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Highlights of Recently Issued Omnibus HIPAA Regulations

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Highlights of Recently Issued Omnibus HIPAA Regulations


 


The long-awaited omnibus HIPAA regulations (“Omnibus Rule”) issued by the Office of Civil Rights of the U.S. Department of Health and Human Services (“HHS”) are now in effect.  Highlights of the Omnibus Rule include the following: 



  • Effective Date/Compliance Date/Transition Provision. The Omnibus Rule became effective on March 26, 2013. Generally, the compliance deadline is September 23, 2013.  The Omnibus Rule includes a transition provision that, in certain circumstances, allows Covered Entities and Business Associates (as well as Business Associates and Business Associate Subcontractors) to continue to operate under existing Business Associate Agreements (BAAs) for an additional year beyond the compliance deadline. 

  • Subcontractors.  Under the Omnibus Rule, the definition of a Business Associate includes subcontractors. As a result, there must be a Business Associate Agreement entered into by Business Associates and their subcontractors.  

  • Direct Liability of Business Associates. The Omnibus Rule extends direct liability to Business Associates, including subcontractors, for compliance with certain requirements of the HIPAA Privacy Rule and with the HIPAA Security Rule.  

  • Covered Entities’ Liability for Activities of Business Associates.  Under the Omnibus Rule, Covered Entities could be liable for Business Associates’ activities if the Business Associates were acting as an agent of the Covered Entity.  In addition, Business Associates could be liable for the activities of their subcontractors if the subcontractors were acting as an agent of the Business Associate. That determination will be based on the federal common law of agency.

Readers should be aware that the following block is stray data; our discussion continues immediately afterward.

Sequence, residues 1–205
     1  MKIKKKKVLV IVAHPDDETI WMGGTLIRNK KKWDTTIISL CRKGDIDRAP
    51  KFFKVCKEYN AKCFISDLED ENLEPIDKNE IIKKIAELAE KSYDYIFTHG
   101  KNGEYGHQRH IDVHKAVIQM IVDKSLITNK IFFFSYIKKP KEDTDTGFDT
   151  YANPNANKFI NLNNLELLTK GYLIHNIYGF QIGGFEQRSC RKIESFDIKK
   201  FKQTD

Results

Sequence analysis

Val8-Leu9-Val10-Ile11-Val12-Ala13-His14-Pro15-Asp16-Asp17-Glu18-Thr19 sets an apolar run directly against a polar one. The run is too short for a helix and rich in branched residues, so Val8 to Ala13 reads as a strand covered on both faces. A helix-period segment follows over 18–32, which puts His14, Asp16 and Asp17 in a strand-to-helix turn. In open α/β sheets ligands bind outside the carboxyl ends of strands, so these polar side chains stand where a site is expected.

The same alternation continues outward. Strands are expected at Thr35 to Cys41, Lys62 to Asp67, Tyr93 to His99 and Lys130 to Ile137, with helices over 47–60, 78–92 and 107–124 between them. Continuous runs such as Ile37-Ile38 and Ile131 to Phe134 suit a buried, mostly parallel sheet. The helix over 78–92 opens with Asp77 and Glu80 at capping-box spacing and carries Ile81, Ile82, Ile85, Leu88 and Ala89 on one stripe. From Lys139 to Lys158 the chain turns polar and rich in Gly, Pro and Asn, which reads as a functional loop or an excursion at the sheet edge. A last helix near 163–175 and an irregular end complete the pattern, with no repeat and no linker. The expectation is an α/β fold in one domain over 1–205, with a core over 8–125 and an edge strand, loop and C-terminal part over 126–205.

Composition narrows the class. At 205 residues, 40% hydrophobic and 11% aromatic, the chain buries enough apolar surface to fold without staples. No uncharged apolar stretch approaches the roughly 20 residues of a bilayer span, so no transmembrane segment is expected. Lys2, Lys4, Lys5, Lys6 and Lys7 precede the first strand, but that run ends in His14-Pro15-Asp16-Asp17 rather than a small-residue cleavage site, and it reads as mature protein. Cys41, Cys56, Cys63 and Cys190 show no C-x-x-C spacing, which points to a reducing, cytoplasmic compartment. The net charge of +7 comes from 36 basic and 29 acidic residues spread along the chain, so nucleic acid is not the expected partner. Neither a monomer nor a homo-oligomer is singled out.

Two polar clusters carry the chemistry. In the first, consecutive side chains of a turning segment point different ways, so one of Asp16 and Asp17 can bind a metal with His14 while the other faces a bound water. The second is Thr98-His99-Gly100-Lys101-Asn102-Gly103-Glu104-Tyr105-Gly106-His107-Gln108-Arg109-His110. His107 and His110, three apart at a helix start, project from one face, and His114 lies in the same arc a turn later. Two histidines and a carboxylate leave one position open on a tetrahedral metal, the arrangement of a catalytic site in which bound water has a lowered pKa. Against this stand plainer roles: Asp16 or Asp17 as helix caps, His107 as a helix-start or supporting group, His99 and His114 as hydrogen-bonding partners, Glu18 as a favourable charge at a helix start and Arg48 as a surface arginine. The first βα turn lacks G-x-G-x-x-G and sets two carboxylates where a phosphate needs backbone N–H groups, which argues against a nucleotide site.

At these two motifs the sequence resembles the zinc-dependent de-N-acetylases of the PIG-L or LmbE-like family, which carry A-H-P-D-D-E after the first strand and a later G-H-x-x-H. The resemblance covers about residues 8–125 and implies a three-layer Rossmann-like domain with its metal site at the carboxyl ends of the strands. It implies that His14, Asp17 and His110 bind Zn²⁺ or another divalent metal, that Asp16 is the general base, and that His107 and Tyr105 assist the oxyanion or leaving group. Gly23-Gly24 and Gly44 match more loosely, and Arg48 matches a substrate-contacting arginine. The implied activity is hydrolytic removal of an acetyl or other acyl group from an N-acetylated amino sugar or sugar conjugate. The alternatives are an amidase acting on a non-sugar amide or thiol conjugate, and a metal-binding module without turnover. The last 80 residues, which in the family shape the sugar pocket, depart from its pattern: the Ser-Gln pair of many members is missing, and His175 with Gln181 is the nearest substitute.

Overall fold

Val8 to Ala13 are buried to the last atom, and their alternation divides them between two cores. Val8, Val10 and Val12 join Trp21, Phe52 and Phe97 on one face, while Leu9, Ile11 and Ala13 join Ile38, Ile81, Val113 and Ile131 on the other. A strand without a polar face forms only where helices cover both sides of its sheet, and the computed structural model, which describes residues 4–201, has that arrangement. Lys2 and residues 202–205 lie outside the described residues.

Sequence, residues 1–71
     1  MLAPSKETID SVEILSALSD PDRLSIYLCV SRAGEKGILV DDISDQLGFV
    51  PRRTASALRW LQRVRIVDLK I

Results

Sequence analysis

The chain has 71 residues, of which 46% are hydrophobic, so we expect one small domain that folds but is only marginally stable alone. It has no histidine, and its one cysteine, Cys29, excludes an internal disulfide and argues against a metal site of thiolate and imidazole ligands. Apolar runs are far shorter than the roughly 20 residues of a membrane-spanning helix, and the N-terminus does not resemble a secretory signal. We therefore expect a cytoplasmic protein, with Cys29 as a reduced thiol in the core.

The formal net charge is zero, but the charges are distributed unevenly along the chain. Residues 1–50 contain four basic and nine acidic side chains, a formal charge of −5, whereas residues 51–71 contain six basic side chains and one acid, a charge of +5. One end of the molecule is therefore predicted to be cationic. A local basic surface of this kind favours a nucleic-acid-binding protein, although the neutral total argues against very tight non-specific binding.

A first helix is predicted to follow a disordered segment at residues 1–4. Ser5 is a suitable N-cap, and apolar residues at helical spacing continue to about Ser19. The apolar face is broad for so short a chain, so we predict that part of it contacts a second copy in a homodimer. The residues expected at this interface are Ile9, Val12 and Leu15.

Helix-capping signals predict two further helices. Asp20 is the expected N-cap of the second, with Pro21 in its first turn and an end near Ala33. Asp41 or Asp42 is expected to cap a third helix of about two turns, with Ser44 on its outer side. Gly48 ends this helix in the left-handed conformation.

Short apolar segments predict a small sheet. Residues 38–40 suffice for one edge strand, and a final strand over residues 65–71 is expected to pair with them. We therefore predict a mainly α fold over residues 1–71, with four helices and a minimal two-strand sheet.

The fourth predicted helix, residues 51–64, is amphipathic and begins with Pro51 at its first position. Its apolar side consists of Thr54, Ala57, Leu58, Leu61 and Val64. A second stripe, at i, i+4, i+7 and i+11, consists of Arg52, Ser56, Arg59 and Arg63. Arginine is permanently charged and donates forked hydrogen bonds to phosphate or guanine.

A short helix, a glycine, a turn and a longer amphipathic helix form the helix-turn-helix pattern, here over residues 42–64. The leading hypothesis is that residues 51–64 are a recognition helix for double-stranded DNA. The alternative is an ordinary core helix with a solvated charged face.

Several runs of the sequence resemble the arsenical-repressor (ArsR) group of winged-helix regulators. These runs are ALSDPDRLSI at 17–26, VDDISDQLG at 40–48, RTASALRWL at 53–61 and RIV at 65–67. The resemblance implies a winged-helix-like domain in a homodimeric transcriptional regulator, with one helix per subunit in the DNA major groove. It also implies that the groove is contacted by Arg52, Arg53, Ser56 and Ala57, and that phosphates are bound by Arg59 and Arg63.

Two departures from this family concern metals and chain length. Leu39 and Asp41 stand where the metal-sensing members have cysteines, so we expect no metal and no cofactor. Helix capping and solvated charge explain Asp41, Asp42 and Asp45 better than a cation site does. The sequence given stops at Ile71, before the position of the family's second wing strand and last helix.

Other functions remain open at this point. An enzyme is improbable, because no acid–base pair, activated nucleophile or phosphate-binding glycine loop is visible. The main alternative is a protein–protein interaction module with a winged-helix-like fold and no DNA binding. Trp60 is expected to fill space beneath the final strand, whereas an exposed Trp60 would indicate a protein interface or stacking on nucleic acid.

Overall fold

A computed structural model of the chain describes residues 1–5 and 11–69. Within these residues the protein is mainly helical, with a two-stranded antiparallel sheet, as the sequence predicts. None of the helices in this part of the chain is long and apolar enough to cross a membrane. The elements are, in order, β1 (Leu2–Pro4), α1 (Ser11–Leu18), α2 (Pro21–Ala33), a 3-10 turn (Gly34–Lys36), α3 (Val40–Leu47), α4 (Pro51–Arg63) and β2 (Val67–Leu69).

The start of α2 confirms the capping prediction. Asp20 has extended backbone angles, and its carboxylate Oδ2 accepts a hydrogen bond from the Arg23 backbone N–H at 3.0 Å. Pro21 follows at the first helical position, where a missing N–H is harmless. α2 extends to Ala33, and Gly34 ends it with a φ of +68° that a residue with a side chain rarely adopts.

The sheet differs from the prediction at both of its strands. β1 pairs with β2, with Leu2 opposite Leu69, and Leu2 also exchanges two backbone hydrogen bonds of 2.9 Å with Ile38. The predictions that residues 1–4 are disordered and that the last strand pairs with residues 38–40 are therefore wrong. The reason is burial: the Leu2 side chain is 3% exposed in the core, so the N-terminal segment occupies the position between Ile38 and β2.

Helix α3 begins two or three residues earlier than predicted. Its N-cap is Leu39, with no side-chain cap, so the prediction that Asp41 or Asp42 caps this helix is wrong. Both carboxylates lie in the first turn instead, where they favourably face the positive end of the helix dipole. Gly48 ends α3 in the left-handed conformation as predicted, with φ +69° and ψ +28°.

• Breach Notification Rule. The breach notification rules have changed.   Under the Omnibus Rule, the previously used harm standard has been removed and the risk assessment has been modified to require Covered Entities and Business Associates to assess the probability that PHI has been compromised by considering four factors.  Unlike the old test, the new test imposes a presumption of notification unless there is a low risk of the probability that PHI has been compromised.  HHS has stated that it will provide further guidance on this issue. 

  • Minimum Necessary Standard and Business Associates. The Minimum Necessary Standard now applies directly to Business Associates when using or disclosing PHI or when requesting PHI from a Covered Entity. 

  • Third-party Access to Electronic Medical Records. The new rule expands the rights of patients with respect to electronic medical records.  Under the new rule, a person can direct a Covered Entity to give a third party an electronic copy of his/her PHI as long as the request is made in writing, is signed, and identifies the third party.  

  • Other Changes.  The Omnibus Rule made various other changes covering topics including, but not limited to, sales of PHI, decedents’ PHI, and fundraising.

 


The text of the Omnibus Rule can be found at 78 Federal Register 5566.  HHS has posted sample BAA language on its website (www.hhs.gov).


 


This Alert is a periodic publication of Steptoe & Johnson PLLC and should not be construed or relied upon as legal advice or legal opinion on any matter.  The content is intended for general information purposes only.  You should consult with your own lawyer for legal advice or a legal opinion on the specific facts and circumstances of your own situation.  For further information about this Alert, please contact Steptoe & Johnson PLLC.


 

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